2016 in review | Issaquah addresses water concerns, deals with growth and swoops in for senior center

A look back at the people and events that made news in Issaquah over the last year

The year in Issaquah was marked by many recurring themes. These included, clockwise from left, the city’s traffic problems, the Issaquah Valley Senior Center, a persistent package thief and the water contamination, of which the Eastside Fire and Rescue Property was determined to be the source. Traffic, senior center and EFR photos by Nicole Jennings/staff photo; package thief photo courtesy of Frieda Chan

Times article fuels water concerns

A Jan. 6 article in the New York Times Magazine entitled “The Lawyer Who Became DuPont’s Worst Nightmare” mentioned Issaquah as one of four water districts across the nation with a concerningly high level of perfluorooctanoic acid (PFOA). The article made residents, in particular those in the Talus neighborhood, worried as to the safety of the drinking water. The city of Issaquah responded to the article on Jan. 14, assuring residents that Issaquah’s water meets all Environmental Protection Agency standards.

City cuts Issaquah Valley Seniors loose

The Issaquah City Council voted unanimously on Feb. 1 to end the city’s contract with IVS, cutting all funding to the organization. The decision came after nearly a year of controversy at the center, which began with then-Executive Director Courtney Jaren filing civil trespass orders against Regina Poirier and David Waggoner. In December 2015, the council had allowed funding to continue to go to IVS on probation. However, at the Feb. 1 meeting, council members said that recent changes to IVS bylaws showed that the organization was not willing to work with the city.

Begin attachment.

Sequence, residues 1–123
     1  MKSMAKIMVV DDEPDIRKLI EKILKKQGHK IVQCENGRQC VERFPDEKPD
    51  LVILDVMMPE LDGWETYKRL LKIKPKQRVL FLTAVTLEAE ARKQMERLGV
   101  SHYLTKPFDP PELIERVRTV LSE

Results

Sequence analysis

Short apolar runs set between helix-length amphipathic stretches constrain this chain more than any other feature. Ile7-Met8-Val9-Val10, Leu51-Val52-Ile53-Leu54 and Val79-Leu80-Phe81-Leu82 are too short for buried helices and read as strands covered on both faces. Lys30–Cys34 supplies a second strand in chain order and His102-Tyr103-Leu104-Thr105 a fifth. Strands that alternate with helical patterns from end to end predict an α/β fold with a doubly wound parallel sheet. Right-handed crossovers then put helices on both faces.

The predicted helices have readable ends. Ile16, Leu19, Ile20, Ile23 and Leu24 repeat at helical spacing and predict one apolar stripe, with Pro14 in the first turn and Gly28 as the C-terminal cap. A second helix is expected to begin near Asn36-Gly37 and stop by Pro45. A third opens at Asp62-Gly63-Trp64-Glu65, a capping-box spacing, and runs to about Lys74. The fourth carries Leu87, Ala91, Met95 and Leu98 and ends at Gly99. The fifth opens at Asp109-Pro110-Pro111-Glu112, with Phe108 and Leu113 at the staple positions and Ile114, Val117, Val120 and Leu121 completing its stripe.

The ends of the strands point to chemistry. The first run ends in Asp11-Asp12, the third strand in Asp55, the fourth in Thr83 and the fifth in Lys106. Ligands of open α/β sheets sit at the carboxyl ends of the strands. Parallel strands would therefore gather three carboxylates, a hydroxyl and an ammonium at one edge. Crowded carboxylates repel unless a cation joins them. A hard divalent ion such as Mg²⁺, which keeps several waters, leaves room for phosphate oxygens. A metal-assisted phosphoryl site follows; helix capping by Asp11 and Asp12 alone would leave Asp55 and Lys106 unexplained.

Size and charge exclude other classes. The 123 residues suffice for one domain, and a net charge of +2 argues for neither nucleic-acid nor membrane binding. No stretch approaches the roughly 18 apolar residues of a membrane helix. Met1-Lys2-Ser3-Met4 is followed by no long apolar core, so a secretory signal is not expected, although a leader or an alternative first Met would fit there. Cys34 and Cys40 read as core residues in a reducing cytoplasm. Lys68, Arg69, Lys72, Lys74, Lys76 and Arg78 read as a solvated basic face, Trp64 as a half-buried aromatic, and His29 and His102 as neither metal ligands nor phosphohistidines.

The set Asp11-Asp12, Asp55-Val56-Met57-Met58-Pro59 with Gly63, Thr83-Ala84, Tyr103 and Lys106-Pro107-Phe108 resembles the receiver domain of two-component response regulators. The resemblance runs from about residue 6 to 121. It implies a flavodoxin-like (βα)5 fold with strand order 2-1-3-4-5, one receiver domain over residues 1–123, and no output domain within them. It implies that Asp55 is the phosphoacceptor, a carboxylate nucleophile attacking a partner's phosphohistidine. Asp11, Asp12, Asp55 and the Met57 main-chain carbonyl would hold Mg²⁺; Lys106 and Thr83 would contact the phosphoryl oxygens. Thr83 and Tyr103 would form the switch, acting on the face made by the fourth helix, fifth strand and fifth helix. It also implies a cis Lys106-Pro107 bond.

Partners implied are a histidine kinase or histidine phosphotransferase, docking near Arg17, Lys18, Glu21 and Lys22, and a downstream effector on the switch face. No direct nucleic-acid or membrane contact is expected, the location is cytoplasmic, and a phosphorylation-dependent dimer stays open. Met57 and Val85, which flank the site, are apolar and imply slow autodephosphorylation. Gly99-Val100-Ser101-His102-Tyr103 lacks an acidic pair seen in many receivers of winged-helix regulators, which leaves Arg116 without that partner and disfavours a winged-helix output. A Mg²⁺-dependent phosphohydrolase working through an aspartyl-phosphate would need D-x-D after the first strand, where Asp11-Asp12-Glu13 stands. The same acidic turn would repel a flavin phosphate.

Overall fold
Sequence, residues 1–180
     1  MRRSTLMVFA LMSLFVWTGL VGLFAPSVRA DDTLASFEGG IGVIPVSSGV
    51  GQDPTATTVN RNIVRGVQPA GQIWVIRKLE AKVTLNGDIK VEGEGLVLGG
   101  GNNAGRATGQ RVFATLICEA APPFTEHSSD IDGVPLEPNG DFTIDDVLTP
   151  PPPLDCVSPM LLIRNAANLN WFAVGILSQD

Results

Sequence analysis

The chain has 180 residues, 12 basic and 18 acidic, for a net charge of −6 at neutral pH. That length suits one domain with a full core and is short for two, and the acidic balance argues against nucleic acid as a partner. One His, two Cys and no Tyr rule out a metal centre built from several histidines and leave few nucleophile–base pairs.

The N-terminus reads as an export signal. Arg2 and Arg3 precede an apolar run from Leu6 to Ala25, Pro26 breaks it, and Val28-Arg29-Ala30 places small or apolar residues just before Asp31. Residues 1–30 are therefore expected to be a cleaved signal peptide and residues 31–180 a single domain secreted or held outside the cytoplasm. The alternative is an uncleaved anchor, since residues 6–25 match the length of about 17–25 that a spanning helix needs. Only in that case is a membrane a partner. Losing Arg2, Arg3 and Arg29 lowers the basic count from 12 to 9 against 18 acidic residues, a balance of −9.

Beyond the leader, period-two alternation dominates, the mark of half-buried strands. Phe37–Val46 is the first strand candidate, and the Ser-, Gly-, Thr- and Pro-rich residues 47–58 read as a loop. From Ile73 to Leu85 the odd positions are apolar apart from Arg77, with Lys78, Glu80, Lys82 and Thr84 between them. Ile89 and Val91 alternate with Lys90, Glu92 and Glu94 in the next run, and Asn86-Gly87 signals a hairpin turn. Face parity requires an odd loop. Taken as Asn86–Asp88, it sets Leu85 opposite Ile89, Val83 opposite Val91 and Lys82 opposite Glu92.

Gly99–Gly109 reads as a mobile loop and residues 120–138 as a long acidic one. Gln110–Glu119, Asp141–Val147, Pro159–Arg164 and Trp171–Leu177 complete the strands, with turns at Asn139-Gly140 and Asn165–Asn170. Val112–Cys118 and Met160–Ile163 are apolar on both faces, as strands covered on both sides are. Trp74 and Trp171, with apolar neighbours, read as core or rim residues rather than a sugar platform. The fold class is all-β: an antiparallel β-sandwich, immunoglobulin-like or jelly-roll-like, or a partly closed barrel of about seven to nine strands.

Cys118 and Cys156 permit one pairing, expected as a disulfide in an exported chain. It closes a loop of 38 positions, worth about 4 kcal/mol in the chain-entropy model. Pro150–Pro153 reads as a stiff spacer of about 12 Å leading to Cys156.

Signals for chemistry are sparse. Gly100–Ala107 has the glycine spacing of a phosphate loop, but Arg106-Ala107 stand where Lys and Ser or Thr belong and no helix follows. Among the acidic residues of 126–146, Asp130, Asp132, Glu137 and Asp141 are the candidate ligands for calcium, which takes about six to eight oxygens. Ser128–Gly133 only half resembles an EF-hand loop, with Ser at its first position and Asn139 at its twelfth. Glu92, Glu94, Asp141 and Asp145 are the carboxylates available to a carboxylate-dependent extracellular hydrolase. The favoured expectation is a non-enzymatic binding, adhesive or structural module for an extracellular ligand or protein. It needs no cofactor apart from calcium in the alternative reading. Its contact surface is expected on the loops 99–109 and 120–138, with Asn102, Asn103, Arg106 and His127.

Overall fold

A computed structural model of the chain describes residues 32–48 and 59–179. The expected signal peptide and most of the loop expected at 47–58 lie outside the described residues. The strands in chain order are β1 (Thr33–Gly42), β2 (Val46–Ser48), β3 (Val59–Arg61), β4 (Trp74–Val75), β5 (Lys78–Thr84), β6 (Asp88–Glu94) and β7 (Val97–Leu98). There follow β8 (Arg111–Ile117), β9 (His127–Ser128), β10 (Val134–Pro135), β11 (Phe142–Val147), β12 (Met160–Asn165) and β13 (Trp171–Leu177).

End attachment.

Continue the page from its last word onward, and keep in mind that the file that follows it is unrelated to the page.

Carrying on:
Well shut down while city awaits chemical analysis

The city temporarily shut off the city’s Gilman Well No. 4 during the first week of March to look at treating the well for perfluorochemicals in light of the PFC concern fueled by the New York Times Magazine article. Issaquah participates in voluntary testing of unregulated chemicals, and through this testing, PFOS had been found in Well No. 4 at a level of 0.6 parts per billion in 2013 and 0.472 parts per billion in 2015. Council members were surprised that the decision to deactivate the well was done without notifying the council beforehand. The following month, the city invested $1 million in a water treatment system to clean the water in Well No. 4.

Issaquah mayor hospitalized

Issaquah Mayor Fred Butler suffered a heart attack and was hospitalized at Swedish Issaquah on April 10. Council President Stacy Goodman took Butler’s place as acting mayor during his absence. At the April 18 City Council meeting, council members held up signs reading “Get well soon, Fred!” Butler had a successful recovery and returned home the following week.

Man falls to death at Issaquah construction site

A construction worker died after suffering a tragic fall from scaffolding at the Atlas Apartment construction site on May 16. The man, who was identified as 46-year-old Philip J. Rumsey, left behind a wife and three children. Rumsey’s employer, Fairweather Masonry, set up a GoFundMe account to aid his family with funeral expenses.

Museum solves 30-year family history mystery

The Issaquah History Museum solved a 30-year genealogical mystery, providing a couple from Calgary, AB with information about a long, lost grandfather. For years, all Marianne Clark knew about her grandfather, Per Erickson, was that he sailed from Sweden to America in 1909, apparently abandoning his sweetheart and young daughter. Thanks to the information from the museum, the Clarks found out that Erickson had been a hardworking man who had settled in Issaquah, and that he had hoped to bring over his Swedish family. His sweetheart decided she did not want to go so far away from home, and remained in Sweden.

Council sends $50 million transportation bond to November ballot